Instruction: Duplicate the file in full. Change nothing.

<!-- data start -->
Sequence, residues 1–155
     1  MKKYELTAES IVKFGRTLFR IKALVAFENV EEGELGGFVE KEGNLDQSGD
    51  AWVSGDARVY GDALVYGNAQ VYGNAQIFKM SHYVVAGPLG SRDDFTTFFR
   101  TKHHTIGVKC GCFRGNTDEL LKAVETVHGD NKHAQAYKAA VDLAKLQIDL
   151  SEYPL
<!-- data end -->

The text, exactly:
Sequence, residues 1–155
     1  MKKYELTAES IVKFGRTLFR IKALVAFENV EEGELGGFVE KEGNLDQSGD
    51  AWVSGDARVY GDALVYGNAQ VYGNAQIFKM SHYVVAGPLG SRDDFTTFFR
   101  TKHHTIGVKC GCFRGNTDEL LKAVETVHGD NKHAQAYKAA VDLAKLQIDL
   151  SEYPL